San Francisco is experiencing what many NY residents have experienced for years: the economic cycle.
There was a time in the 50’s and 60’s that found San Francisco as a middle-class city, then the hippie movement came. Whole middle-class San Francisco neighborhoods dropped down into obscurity. Nobody wanted to live in an area where people were sleeping on the streets, taking over the parks, etc. The same people complaining now had nothing to say back then when that was happening. The city’s residents have for decades fought residential growth.
Now, construction companies and investors cannot possibly keep up with demand to build high rises. And, remember they are restricted in what areas they can build. Also, they have to be very careful. It’s not cheap building a high rise in a city like San Francisco, unless the building is dedicated to an art project.
Everything in economics is a pendulum. It’s swinging one way now, it will swing the other way in time. All neighborhoods/cities rise and fall and rise again. The East bay has become much more expensive as well, but still way, way cheaper than San Francisco on down to San Jose.
The CA real estate market has been used over the past several years as a giant washing machine for corrupt cash flowing in from China, Russia and other regimes.
The China problem is a once in a generation exodus of ill-gotten cash to get ahead of corruption crackdowns. They do it by paying all cash for CA homes, shutting out residents in the process, and leaving them empty or being an absentee landlord while maintaining a foothold in the UC system for their kids should they really need to pull the parachute.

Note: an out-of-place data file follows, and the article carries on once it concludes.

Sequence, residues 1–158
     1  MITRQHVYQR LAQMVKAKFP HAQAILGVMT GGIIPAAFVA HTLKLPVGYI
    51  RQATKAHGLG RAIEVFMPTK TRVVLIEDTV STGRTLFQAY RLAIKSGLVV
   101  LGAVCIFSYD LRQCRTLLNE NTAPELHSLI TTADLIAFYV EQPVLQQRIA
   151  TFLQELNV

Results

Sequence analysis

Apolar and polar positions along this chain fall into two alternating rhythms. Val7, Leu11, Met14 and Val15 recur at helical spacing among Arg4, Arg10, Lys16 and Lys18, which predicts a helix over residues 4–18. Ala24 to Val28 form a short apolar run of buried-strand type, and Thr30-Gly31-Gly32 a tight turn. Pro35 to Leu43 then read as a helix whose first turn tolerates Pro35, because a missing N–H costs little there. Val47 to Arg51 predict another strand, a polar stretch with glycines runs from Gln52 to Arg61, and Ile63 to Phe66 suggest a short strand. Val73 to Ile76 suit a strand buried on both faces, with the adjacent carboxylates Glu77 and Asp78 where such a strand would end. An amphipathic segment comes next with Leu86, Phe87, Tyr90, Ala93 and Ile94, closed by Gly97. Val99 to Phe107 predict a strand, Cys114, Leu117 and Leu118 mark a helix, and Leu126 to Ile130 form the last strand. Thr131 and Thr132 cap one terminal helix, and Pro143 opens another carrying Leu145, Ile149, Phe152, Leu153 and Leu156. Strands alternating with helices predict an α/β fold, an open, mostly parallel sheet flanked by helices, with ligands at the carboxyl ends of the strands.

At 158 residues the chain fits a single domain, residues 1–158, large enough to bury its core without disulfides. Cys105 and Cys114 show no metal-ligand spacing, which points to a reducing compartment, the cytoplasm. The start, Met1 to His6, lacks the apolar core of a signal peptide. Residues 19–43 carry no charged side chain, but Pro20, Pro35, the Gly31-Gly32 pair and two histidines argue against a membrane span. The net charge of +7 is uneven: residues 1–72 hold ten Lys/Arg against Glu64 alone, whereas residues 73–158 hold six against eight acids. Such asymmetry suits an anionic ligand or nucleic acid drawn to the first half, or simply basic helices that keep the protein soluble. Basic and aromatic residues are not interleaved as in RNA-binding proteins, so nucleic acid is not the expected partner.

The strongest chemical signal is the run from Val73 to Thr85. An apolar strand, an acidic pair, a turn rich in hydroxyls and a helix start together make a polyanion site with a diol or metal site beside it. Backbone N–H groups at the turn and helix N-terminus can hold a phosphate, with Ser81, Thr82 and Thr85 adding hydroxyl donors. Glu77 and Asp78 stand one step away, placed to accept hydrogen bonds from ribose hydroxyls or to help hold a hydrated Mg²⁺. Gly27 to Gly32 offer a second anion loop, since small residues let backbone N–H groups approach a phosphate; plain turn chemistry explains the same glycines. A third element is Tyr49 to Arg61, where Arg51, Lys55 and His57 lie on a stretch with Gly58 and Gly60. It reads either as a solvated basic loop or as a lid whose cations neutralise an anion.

It’s past time that we followed the lead of other first-world nations, and put restrictions on absentee ownership of real estate. Australia, NZ, England and others have restrictions and taxes in place for this same reason.
Yes, tech companies are a factor in the affordability problem there, but it is not the only culprit. It’s a perfect storm of NIMBYism, foreign cash, tech, and awful government. A $9 billion budget for a city of 800,000 and much of the City is an open air insane asylum/latrine.
People speak too often of cities being expensive, all in the passive voice. A city does not choose to become expensive; rather, political leaders of a city, often answering to its richest landowners, make deliberate choices that limit the supply of housing, which drives up prices. A better housing policy would just be to build lots of high density housing in areas that can effectively commute, preferably by rail or bus, to their jobs. A better spending policy on the part of residents would be to lay down their egos and start availing discount codes and coupons.
Currently, instead of banding together to help build a modern San Francisco for this day and age, longtime residents are pitted against tech workers for artificially scarce housing stock. This need not be the case.